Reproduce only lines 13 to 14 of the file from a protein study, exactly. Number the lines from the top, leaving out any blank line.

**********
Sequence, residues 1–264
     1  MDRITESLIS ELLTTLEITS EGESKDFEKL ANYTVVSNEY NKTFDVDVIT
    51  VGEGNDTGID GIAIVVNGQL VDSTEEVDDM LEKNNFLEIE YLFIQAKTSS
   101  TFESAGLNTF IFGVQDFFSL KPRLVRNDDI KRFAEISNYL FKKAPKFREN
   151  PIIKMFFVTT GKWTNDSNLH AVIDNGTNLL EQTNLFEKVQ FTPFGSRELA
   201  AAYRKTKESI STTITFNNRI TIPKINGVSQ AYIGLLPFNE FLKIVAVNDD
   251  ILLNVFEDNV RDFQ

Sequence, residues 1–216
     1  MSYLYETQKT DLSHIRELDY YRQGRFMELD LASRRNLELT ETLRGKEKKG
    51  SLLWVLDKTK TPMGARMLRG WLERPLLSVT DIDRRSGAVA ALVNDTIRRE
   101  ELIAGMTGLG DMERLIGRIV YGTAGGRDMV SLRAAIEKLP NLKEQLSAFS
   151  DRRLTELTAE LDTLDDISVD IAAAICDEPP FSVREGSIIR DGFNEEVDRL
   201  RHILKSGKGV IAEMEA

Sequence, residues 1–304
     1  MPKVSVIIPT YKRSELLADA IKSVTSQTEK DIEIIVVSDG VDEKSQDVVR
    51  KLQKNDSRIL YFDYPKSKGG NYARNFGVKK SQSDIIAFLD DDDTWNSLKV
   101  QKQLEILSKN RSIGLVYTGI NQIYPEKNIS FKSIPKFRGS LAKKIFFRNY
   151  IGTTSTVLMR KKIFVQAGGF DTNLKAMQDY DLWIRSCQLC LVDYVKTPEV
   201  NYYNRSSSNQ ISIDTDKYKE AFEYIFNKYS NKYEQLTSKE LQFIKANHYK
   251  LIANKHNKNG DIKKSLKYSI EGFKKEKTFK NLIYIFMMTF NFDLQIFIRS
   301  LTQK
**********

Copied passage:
   201  RHILKSGKGV IAEMEA

Sequence, residues 1–304